Chondromalacia, one of the most common causes of knee pain in younger people, can be caused by a traumatic injury to the patella, such as a severe blow, but can sometimes occur for no apparent reason. Chondromalacia also appears to be part of the normal aging process. In fact, in older people, the wearing away of articular cartilage is called osteoarthritis. However—and this is what’s confusing for so many patients— there is no evidence that chondromalacia in younger people will lead to arthritis down the road. We used to assume that chondromalacia in the young would automatically develop into arthritis. However, careful studies have shown that there is no clear-cut progression. In fact, we now believe that although the end result is the same, chondromalacia and arthritis may be very different problems caused by different circumstances. In addition, there is no direct correlation between patellar pain and destruction caused by chondromalacia. Sometimes a person with mild symptoms can actually have more destruction than someone who is in constant pain.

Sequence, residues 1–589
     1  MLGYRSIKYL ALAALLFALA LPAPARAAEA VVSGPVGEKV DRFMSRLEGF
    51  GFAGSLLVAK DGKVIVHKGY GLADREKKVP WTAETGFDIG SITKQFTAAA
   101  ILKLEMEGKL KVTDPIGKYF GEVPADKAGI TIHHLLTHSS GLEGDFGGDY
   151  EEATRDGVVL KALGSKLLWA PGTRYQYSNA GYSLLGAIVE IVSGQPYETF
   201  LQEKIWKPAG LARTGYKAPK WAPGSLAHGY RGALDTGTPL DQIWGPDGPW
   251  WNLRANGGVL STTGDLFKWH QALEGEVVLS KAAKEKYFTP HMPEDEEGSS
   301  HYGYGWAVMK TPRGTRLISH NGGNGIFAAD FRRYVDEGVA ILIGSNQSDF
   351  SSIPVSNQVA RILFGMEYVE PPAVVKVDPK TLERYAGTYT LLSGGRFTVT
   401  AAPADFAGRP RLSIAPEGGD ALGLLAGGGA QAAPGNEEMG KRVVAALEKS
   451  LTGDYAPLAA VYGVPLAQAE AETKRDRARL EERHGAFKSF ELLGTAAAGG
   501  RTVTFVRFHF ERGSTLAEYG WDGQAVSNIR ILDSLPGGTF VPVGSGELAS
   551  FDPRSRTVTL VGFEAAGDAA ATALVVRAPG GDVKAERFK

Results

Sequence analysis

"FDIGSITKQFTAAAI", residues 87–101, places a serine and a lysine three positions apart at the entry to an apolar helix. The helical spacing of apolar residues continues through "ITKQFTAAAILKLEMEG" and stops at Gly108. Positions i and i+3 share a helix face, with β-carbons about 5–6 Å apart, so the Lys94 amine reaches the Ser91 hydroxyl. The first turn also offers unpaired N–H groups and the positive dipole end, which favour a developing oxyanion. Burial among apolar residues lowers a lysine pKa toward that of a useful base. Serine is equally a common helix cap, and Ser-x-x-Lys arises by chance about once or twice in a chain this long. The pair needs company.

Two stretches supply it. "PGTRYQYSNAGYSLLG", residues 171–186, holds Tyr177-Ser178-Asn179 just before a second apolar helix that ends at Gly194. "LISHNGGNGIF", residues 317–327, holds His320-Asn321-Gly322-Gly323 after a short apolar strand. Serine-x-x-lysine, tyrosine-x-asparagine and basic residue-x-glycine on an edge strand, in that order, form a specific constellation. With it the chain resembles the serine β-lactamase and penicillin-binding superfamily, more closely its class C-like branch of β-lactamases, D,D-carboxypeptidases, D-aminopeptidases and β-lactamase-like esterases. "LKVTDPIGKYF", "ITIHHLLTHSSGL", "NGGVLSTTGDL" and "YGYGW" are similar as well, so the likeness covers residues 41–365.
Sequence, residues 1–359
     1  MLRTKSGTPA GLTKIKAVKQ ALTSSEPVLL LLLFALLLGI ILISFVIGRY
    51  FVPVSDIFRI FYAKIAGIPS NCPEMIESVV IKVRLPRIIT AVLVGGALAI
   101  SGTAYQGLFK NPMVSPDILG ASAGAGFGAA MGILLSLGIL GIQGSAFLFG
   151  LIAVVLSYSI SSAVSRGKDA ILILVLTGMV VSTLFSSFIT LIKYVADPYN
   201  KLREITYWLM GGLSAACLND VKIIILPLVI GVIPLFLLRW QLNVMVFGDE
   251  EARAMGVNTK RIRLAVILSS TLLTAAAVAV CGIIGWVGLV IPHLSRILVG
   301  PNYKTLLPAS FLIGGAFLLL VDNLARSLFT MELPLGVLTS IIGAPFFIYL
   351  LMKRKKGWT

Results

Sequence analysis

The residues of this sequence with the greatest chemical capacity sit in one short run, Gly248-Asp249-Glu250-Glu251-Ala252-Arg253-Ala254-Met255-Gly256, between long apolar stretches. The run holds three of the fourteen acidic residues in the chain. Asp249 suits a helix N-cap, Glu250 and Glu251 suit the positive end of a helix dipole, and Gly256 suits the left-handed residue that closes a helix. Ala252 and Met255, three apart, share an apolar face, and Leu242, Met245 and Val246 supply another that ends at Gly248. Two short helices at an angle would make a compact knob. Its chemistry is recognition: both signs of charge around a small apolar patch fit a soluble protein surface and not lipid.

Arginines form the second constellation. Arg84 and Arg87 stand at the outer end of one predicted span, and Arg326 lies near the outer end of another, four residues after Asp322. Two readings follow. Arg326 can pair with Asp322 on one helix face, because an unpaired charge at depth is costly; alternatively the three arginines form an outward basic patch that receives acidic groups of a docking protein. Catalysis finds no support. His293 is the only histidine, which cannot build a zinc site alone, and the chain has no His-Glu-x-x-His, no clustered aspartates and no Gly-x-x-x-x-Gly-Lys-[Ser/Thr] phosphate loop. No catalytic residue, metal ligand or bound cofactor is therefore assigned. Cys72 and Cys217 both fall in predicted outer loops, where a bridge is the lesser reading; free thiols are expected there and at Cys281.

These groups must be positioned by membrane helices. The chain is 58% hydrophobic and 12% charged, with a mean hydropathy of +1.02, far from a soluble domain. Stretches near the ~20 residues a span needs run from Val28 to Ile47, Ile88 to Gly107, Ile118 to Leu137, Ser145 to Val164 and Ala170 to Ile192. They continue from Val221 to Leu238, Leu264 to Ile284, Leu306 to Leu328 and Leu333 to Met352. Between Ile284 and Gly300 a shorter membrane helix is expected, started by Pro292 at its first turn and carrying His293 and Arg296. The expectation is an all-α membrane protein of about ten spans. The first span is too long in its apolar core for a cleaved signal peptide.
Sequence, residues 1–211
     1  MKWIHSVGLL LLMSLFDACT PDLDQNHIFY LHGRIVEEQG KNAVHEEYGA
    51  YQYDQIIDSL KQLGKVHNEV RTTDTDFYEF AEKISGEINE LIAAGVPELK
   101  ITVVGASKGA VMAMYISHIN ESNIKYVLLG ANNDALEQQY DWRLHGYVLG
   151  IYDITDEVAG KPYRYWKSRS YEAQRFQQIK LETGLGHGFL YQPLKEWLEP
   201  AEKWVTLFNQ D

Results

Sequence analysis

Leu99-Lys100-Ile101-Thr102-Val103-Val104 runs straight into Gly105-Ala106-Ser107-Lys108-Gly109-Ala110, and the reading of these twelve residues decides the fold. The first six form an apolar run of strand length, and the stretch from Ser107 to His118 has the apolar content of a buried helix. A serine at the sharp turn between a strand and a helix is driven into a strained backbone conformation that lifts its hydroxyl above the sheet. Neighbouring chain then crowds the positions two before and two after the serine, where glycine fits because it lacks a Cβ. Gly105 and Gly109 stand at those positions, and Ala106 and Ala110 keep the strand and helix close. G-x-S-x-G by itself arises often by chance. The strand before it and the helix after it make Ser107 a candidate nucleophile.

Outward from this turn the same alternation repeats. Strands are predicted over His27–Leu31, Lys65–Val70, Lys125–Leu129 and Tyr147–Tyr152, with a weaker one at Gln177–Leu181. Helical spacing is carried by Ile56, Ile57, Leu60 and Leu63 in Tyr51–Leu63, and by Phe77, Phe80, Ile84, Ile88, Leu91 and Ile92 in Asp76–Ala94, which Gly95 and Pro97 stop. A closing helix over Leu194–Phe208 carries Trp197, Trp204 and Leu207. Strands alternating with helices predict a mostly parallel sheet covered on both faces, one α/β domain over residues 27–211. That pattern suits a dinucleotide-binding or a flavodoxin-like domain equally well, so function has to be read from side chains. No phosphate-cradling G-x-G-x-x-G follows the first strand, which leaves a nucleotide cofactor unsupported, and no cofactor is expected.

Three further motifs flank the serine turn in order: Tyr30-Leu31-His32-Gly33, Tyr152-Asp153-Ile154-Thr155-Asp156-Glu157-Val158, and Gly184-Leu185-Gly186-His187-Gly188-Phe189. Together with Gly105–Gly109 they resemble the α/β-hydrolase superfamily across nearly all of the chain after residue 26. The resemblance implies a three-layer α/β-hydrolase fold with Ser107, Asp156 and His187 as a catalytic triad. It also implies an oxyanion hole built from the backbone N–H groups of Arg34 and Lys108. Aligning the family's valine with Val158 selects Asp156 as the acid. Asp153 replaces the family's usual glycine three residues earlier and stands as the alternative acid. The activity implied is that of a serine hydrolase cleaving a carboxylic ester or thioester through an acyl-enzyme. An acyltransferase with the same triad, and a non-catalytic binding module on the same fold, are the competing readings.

Chondromalacia is rated according to the severity of the condition on a scale of 0 to grade 4, with 0 considered healthy, smooth cartilage. In grade 1 chondromalacia, there is some blistering or disturbance on the surface of the articular cartilage; grade 2 chondromalacia, the surface is scratched or fissured; grade 3 chondromalacia, the Assuring is deeper or down to the bone; grade 4 chondromalacia, the surface is worn away down to the bone and the bone is also worn out.
The pain caused by chondromalacia is somewhat mysterious, because there are no nerve endings in the articular cartilage. However, it is believed that when the articular cartilage is damaged to the point that it is no longer an efficient shock absorber, the force exerted through the bones, which are rich in nerve endings, is all the greater. We perceive the extra force as pain.
Chondromalacia is usually diagnosed by symptoms. An X ray will not show chondromalacia. An arthroscope will conclusively show the presence of chondromalacia and the stage of the disease. However, if your doctor suspects that chondromalacia is the problem, he will probably prescribe a good strengthening program since there is little that can be done surgically to improve the situation. In some cases, the surgeon may wash out the area, that is, smooth the surface of the articular cartilage (on the back of the patella) and remove any debris that may be causing the joint to “catch.” Patients are also usually advised to refrain from activities that may aggravate the pain.
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